Shifting the Muscle to Fat Ratio: Women-Specific Body Composition Considerations
In this article (clickable table of contents):
- I. The research has been skewed and gender biased for too long
- II. Common issues I hear women struggle with – do any of these apply to you?
- III. Understanding that body composition is NOT “your weight on the scale”
- IV. Creating an optimal state in the body to drive the results you want
- V. Building muscle and losing fat at different stages of your menstrual cycle
- VI. Building muscle and losing fat for women in peri and post menopause
- VII. For women of all ages: why we need to eat balanced meals with whole foods
- VIII. The importance of fueling (not fasting) around your workouts and how to do it
- IX. Why reduced stress and quality sleep are also essential for body composition shifts
- X. Wrap up and recommendations for additional learning
I. The research has been skewed and gender biased for too long
Many women I talk to are still subscribing to outdated myths about training and are stuck in an “exercise more, eat less” mentality that is robbing them of the strong, healthy body they deserve from the effort and time they put into their training.
I want to clarify from the start of this article that I’m aware of and respect that people have different goals for their physique and different lifestyle practices they are comfortable with, and that what I am focused on in this post is helping you better understand how your body works so you can become physically stronger, more capable and confident, and enjoy a high quality life in a functional body at every age.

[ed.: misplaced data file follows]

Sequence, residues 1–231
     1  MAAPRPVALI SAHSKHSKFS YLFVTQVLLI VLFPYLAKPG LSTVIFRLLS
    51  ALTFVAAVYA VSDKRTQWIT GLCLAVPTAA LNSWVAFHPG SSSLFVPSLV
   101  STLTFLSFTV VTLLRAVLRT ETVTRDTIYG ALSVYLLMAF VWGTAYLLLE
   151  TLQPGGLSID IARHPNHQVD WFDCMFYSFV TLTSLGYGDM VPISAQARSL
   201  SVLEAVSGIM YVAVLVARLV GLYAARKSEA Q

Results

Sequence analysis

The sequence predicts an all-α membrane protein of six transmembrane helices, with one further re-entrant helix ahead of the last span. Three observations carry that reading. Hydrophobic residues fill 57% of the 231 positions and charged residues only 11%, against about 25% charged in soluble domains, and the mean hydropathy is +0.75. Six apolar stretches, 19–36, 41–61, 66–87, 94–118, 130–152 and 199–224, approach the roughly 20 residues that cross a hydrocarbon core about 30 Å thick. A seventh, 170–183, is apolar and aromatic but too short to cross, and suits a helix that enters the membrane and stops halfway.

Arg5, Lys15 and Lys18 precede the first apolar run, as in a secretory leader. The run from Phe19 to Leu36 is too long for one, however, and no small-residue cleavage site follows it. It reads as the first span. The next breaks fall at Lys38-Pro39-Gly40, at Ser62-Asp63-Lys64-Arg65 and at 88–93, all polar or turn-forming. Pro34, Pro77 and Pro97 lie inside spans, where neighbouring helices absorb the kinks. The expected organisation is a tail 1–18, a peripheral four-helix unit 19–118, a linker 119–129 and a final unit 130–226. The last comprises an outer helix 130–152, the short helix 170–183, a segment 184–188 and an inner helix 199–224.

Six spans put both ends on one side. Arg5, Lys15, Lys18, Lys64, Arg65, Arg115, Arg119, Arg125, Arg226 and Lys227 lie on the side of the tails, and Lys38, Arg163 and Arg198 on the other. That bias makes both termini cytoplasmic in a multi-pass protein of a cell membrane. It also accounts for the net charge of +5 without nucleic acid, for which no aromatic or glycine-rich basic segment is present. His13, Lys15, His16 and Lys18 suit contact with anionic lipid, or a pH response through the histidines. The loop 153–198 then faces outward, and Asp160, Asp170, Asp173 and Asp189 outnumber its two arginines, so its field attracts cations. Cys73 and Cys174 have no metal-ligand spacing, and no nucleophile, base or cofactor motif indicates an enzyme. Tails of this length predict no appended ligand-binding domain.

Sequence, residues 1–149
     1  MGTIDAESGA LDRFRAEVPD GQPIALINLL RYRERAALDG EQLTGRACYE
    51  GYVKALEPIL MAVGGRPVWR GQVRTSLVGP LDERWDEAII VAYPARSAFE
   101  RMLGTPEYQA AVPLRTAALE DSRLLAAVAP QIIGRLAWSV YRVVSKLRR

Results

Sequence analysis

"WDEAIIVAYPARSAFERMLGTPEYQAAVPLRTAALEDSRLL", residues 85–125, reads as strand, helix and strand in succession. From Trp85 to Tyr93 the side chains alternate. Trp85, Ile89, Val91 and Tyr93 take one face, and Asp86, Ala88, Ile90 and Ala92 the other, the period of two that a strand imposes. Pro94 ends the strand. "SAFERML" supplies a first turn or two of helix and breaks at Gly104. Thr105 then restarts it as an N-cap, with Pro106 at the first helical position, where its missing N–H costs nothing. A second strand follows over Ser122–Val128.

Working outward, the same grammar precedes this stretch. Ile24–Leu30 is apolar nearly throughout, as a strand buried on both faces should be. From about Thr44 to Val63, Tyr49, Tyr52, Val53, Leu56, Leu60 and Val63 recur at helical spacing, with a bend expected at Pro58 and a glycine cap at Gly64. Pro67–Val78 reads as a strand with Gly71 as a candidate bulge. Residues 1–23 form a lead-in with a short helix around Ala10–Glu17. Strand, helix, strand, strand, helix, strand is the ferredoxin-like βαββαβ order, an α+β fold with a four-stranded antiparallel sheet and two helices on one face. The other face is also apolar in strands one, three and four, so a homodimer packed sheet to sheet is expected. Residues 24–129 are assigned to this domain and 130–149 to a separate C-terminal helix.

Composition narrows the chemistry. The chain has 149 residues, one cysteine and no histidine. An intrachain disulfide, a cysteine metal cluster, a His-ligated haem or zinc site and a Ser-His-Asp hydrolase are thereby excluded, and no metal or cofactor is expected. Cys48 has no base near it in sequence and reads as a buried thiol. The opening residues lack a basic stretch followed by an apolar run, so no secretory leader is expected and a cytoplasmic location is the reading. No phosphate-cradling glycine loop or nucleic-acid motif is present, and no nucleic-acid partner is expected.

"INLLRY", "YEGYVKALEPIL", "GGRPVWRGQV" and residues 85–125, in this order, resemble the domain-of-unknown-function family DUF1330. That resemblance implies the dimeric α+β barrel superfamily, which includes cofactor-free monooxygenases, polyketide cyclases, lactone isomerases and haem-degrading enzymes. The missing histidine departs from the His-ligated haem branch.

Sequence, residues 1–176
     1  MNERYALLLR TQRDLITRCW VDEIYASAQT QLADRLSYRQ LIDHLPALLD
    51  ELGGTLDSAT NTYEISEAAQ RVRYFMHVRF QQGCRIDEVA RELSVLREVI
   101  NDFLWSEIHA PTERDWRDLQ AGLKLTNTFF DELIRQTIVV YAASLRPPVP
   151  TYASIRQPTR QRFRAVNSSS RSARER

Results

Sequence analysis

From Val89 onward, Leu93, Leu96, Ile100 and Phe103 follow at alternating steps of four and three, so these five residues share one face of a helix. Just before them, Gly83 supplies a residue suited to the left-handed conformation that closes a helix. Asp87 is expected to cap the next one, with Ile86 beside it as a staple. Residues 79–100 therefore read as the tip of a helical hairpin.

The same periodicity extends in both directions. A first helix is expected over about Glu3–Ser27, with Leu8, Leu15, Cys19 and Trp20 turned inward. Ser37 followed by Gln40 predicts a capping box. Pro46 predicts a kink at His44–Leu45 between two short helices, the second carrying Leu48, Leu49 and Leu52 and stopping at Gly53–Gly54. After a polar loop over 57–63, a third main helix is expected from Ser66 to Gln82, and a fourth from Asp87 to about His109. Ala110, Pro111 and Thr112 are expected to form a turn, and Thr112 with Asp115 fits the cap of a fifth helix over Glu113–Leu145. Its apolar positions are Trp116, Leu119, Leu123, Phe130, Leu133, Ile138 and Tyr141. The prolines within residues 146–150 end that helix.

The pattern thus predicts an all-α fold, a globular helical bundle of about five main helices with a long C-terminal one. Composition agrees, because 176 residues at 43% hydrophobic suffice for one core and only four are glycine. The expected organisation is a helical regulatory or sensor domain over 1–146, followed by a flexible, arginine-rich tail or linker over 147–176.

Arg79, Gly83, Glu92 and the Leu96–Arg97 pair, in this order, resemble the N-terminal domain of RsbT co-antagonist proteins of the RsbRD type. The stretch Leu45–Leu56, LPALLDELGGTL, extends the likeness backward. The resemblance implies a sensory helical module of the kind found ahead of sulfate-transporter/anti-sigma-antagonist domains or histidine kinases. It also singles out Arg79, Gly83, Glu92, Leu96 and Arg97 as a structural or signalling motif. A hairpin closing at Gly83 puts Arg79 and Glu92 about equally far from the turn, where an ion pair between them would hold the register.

It’s time to bust some myths and give you the information you need to support your body’s process of getting stronger and healthier so you can stop undermining all the effort you put in with diet culture myths or strategies that come from research done on men, not women.
The changes we go through in life in our incredible female bodies – from puberty to menopause and everything in between – deserves attention and understanding. We are often on our own figuring everything out with so much scientific research in the past being done on men only, and the perception of a woman’s cycle as “too complex” (1).
This gender biased research means many (fortunately not all) doctors and other professionals fail to address women’s hormone concerns adequately, dismiss their concerns entirely by suggesting “it’s just part of the aging process” or “it’s in your head” or suggest strategies that fail to address the root cause of the issues.